Critical Notes

Reviews and More From NBCC Members

By Michael Schaub

The 2022 National Book Critics Circle Awards, New School Auditorium, New York, New York, March 23, 2023. Photograph by Beowulf Sheehan.

Friends, we hope you’re doing well! Stay tuned for some exciting announcements from the NBCC, including our new cohort of Emerging Critics Fellows. In the meantime, our members have been busy reviewing books by authors including Colson Whitehead, Ann Beattie, Lindsay Lynch, and Chuck D, and interviewing writers like Stephanie Bishop, Cristina García, and Martha Shelley. As always, thanks for reading!

Member Reviews/Essays

Edna Bonhomme wrote about abortion in literature for The Nation.

Joan Frank reviewed Lindsay Lynch’s Do Tell for The Washington Post.

For the Graphic Lit issue of Kirkus Reviews, former NBCC President Tom Beer wrote about falling for graphic novels.

Linda Hitchcock reviewed Carol Spencer’s Dressing Barbiefor BookTrib.

NBCC Vice President/Secretary Colette Bancroft reviewed Colson Whitehead’s Crook Manifestofor the Tampa Bay Times.

For The Red Hook Star-Revue, Michael Quinn reviewed Maud Martha by Gwendolyn Brooks.

Former NBCC board member Mary Ann Gwinn reviewed Into the Bright Sunshine: Young Hubert Humphrey and the Fight for Civil Rights by Samuel G. Freedman for the Minneapolis Star Tribune.

Eric Liebetrau wrote about Chuck D’s STEWdio: The Naphic Grovel Artrilogy of Chuck D and Summer of Hamn: Hollowpointlessness Aiding Mass Nihilismfor Kirkus Reviews.

Ron Slate reviewed Still Born, written by Guadalupe Nettel and translated by Rosalind Harvey, and Out of the Sugar Factory, written by Dorothee Elmiger and translated by Megan Ewing, for On The Seawall.

Cory Oldweiler reviewed Oksana Lutsyshyna’s Ivan and Phoebe, translated by Nina Murray, for Words Without Borders.

Lee Rossi reviewed Three Hundred Streets of Venice California by Tom Laichas for Cultural Daily.

Diane Scharper reviewed Life, Liberty, and the Pursuit of Happiness: Britain and the American Dream by Peter Moore for the Washington Examiner

Jim Schley reviewed Rage Hezekiah’s Yearn and Carol Potter’s What Happens Next Is Anyone’s Guess for Seven Days.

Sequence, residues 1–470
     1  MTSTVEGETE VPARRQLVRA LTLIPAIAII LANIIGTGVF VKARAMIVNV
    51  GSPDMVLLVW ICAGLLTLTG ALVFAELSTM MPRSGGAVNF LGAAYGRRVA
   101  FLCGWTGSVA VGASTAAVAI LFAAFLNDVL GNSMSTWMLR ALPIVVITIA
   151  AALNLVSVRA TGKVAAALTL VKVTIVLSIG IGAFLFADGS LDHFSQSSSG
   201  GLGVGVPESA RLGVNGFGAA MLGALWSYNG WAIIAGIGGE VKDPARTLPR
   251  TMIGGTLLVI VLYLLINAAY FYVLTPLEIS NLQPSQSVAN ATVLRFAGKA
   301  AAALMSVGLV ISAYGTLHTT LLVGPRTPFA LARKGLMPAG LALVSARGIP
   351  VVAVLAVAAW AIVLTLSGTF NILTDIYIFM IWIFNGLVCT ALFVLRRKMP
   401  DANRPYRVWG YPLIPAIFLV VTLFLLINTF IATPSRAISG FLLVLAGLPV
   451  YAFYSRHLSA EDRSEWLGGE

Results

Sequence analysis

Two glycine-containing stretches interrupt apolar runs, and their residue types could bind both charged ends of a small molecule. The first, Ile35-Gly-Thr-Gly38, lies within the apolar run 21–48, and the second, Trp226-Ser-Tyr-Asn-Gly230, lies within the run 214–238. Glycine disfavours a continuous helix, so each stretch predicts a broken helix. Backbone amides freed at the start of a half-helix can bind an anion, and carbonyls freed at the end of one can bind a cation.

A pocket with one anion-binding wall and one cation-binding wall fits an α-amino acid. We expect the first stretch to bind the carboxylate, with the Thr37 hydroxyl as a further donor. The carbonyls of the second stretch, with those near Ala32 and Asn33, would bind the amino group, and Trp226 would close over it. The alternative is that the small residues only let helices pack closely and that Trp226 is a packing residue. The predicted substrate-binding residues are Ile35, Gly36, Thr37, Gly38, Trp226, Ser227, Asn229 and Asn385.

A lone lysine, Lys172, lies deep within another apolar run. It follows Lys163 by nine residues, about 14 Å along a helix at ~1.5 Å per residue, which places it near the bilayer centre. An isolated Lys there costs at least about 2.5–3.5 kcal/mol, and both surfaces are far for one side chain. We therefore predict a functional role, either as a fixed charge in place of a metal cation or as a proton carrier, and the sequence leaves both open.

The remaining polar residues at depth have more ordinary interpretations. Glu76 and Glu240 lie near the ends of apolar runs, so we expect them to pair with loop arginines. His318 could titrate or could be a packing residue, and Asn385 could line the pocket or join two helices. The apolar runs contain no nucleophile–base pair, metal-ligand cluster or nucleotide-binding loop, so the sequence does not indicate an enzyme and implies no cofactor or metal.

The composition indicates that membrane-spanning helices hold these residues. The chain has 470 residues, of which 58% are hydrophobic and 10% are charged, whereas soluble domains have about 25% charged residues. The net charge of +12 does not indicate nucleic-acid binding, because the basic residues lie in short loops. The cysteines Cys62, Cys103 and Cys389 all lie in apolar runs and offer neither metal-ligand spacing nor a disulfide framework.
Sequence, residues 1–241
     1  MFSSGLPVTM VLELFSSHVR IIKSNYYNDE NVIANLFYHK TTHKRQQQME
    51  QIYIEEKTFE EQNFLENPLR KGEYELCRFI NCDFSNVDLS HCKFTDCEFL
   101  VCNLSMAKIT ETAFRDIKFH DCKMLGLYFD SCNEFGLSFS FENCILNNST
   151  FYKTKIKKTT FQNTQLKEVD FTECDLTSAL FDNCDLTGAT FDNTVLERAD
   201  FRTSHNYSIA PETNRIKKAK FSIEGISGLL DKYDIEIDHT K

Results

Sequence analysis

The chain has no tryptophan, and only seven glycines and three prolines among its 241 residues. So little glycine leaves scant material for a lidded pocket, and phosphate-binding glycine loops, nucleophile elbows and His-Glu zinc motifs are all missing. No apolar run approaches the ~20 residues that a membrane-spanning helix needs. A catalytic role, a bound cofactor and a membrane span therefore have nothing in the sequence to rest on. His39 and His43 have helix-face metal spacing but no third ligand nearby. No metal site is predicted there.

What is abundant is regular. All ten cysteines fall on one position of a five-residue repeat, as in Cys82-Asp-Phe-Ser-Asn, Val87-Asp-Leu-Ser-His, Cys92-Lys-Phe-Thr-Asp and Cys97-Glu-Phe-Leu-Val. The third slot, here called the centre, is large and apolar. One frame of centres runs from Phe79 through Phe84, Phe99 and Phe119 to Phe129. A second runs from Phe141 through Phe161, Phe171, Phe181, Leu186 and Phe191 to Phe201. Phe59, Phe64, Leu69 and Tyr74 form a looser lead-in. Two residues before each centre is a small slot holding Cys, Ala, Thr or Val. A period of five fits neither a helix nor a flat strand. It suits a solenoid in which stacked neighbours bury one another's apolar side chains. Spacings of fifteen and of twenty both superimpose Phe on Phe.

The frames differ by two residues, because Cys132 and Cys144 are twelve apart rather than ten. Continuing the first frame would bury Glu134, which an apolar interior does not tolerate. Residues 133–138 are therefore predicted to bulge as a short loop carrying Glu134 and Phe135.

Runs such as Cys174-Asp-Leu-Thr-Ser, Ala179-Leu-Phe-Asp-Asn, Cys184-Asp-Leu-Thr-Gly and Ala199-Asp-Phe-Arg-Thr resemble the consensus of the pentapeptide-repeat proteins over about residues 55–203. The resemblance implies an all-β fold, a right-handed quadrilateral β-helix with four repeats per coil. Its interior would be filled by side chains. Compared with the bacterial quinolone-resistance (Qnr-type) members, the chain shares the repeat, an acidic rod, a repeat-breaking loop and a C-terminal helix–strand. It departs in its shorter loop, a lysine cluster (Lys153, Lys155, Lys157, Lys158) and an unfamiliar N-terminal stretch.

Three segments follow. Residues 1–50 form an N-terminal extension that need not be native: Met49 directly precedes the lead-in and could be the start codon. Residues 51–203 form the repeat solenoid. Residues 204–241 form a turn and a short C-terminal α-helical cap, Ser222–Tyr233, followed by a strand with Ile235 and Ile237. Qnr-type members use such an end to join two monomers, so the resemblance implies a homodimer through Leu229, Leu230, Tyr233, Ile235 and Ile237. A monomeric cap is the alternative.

Christoph Irmscher reviewed Gunnar Broberg’s The Man Who Organized Nature: The Life of Linnaeus for The Wall Street Journal.

Bill Thompson reviewed Finn Murphy’s Rocky Mountain High: A Tale of Boom and Bust in the New Wild West for the Charleston (S.C.) Post and Courier.

Tom Peebles reviewed Michael Walzer’s The Struggle for a Decent Politics: On “Liberal” as an Adjective, on his personal blog and on the American University of Paris’ Tocqueville 21 blog.

Carol Iaciofano Aucoin reviewed Ann Beattie’s short story collection Onlookers for WBUR’s Arts & Culture

Alexander Pyles reviewed I Meant It Once by Kate Doyle for Lit Reactor.

George de Stefano reviewed Paul Moses’ The Italian Squad for PopMatters.

Member Interviews

For their Across the Pond podcast, former NBCC board member Lori Feathers and podcast co-host Sam Jordison talked to Stephanie Bishop about her new literary thriller, The Anniversary.

NBCC Vice President/Events Jane Ciabattari had a conversation with Cristina García about chronicling Cuba’s complex fiction through fiction (and plays) for Literary Hub.

Anne Charles interviewed Martha Shelley, pioneering lesbian activist, member of the early Gay Liberation Front, and author of the memoir We Set the Night on Fire, on the show All Things LGBTQ.

Member News

NBCC member Shara Lessley guest edited “The Door Left Wide: Irish Poets in Tribute to Eavan Boland,” which features new work by 22 Irish writers and an afterword by scholar-biographer Jody Allen Randolph, for New England Review. Here’s Shara’s introductory essay on Eavan and the feature. Today, July 24, at 5:00 pm Eastern, Shara will be hosting a free celebratory event online highlighting the NER feature and Eavan’s legacy via Vermont Studio Center.